The information about the distribution of avalanche sizes is contained in the higher-order cumulants ,…, where

(18) |

etc…

The correlation (Green’s) functions are obtained by derivation of the cumulants with respect to the sources. For instance, the physical two-point spin-spin correlation functions introduced above are given by

(19) |

(20) |

where both right-hand sides are evaluated for uniform sources and is considered as a function of and through the Legendre transform in Eq. (17). The spin-random-field correlation function requires a little more thought. By using the property of Gaussian distributions,

(21) |

one finds

(22) |

where

(23) |

When all the sources are uniform, this yields

(24) |

where is the Fourier transform of . (In particular, this equation is valid in the limit , i.e. along the hysteresis loop: surprisingly, it seems that this extension of the ‘susceptibily sum-rule’ to the nonequilibrium magnetization curve has not been noticed before.)

To compute the average over disorder, the common procedure is to replicate the system times and take the limit at the end. (This is in contrast with the Martin-Siggia-Rose formalism in which the partition function is directly averaged over disorder, making the use of replicas unnecessaryDS1996 (); here indeed, the partition function in Eq. (13) is nontrivial so that one must average and not simply .) If one is interested in computing the cumulants of the random free-energy for generic arguments, one must introduce sources that act separately on each replicaLW2003 (); TT2008 (); MT2010 (). After performing the average over the random-field distribution, we obtain a ‘replica partition function’,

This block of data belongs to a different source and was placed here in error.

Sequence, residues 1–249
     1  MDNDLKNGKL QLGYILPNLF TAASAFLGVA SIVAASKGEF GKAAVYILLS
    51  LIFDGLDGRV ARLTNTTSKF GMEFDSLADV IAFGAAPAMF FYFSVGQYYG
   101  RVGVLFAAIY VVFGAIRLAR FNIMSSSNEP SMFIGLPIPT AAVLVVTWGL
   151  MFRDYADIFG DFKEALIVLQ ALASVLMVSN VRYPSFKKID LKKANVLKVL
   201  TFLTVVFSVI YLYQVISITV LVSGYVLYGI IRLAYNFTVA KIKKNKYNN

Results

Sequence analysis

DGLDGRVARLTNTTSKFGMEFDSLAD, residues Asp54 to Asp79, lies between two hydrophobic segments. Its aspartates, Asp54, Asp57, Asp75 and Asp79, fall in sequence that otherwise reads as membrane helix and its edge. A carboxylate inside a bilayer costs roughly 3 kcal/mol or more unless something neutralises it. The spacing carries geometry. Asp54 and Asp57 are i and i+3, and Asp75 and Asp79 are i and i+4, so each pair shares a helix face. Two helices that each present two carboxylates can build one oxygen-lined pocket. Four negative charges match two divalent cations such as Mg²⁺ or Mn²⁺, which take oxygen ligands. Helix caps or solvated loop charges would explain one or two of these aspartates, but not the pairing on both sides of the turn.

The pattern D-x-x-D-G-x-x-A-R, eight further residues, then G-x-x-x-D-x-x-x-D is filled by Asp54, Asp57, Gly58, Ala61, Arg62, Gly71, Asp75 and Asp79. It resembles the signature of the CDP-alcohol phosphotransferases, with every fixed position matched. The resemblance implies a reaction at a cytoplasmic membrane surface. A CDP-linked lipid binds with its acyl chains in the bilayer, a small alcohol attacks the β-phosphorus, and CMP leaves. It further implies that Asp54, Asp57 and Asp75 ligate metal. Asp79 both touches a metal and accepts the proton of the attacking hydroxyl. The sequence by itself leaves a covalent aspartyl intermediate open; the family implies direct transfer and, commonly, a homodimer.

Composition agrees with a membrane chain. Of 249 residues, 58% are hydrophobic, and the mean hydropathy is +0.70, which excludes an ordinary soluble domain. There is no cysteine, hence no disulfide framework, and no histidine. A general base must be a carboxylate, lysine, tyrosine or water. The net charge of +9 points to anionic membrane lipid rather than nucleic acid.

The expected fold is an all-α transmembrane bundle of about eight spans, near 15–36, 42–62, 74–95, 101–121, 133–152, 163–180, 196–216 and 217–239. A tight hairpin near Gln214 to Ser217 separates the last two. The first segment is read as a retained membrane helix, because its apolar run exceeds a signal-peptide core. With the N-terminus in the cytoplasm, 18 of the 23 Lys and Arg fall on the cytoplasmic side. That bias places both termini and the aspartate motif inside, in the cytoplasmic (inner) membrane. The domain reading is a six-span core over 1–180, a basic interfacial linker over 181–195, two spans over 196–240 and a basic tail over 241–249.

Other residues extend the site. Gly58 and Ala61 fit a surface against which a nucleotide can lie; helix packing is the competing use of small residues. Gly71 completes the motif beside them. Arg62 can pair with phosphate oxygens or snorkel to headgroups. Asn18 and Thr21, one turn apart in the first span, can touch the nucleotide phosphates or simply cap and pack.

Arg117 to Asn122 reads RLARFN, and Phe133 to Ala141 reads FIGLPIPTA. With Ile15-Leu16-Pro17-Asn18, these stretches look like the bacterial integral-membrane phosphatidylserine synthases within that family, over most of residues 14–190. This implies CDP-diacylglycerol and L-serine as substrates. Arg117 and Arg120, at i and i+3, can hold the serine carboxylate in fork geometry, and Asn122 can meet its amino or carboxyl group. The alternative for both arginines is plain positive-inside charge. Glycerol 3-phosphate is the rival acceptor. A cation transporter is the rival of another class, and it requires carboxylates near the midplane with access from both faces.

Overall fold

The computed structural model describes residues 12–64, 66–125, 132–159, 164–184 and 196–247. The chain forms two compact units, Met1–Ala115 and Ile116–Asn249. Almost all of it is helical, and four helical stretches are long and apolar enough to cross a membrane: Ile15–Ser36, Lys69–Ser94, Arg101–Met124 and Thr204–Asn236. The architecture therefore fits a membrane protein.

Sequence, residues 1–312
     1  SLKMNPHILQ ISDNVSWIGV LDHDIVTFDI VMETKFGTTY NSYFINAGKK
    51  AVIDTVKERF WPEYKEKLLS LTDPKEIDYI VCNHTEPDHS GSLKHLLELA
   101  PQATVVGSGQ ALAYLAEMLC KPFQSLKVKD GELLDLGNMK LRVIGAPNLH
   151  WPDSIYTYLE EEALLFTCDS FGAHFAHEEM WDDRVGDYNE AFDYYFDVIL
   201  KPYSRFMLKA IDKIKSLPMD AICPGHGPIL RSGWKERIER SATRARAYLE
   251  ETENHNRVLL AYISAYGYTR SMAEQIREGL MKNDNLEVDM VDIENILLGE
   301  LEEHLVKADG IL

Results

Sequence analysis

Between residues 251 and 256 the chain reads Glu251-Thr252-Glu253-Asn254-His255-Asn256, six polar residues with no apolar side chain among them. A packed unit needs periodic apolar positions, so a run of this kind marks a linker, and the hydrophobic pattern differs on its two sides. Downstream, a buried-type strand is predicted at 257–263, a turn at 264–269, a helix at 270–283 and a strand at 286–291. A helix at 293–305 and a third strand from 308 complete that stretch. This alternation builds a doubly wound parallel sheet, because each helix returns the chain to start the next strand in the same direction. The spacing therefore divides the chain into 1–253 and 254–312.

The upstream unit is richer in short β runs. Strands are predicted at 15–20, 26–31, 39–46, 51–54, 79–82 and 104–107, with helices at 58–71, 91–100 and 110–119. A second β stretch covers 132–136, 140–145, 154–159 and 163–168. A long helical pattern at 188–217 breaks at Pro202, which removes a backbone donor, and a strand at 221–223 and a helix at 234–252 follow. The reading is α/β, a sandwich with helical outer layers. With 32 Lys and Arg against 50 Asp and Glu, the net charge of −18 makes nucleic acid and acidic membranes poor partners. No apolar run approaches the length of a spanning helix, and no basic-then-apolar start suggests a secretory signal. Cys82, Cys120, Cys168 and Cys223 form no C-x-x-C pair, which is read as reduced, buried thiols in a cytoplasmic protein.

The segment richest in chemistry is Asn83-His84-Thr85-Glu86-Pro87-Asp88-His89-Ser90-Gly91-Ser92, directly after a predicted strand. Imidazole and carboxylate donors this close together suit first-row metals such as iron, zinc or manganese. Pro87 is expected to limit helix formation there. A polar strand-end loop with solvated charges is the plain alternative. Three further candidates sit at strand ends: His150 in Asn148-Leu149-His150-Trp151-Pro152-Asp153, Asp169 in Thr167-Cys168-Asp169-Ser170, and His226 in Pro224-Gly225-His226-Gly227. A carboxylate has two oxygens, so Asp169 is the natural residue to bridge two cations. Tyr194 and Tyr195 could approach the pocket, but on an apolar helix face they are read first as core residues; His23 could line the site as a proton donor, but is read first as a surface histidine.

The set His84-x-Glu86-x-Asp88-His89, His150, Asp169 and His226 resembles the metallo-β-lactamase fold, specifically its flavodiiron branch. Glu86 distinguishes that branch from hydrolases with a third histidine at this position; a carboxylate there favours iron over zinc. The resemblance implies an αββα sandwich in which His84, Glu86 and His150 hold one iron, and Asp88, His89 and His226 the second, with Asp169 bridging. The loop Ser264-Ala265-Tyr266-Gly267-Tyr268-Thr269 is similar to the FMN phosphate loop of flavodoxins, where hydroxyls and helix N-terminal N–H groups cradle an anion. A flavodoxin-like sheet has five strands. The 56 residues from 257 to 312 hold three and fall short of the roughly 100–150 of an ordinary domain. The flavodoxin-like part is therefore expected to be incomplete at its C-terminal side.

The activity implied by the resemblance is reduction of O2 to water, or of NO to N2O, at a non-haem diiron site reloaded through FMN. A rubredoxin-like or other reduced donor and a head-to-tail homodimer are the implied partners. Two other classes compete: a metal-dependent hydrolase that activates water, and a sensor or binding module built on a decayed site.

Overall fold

(25) |

with the replicated action given by

(26) |

The ‘thermodynamic potential’ can then be expanded in increasing number of free replica sumsLW2003 (); TT2008 (); MT2010 (),

(27) |

where the ’s are continuous and symmetric functions of their arguments. This coincides with the cumulant expansionTT2008 (). The thermodynamic potential generates the ‘magnetizations’ and

(28) |

and the correlation (or Green’s) functions, e.g. at the pair level,

(29) |

where denotes an average over the replicated action. As above, the magnetizations and the correlation functions can be expanded in increasing number of free replica sums:

(30) |

and similarly for , whereas after decomposing the two-point functions as (where does not contain any explicit Kronecker delta), one has TT2008 (); MT2010 ()

(31) |

(32) |

and similarly for and .

In the present approach, however, the central object is not but the ‘effective action’ which is the Legendre transform of with respect to the two sets of sources and ,

(33) |

so that

(34) |

is the generating functional of the ‘direct’ correlation functions [or one-particle irreducible (1PI) functions, or else proper vertices, in field-theoretic language]. At the pair level,

(35) |

As above, , , , etc… can be expanded in increasing number of free replica sums.

In the following, all the two-point functions will be put together as components of a matrix with both replica indices and spatial coordinates

(36) |

where , , have for elements , , ; a similar notation is used for the direct correlation functions, all collected in . The matrix is then just the inverse of , i.e.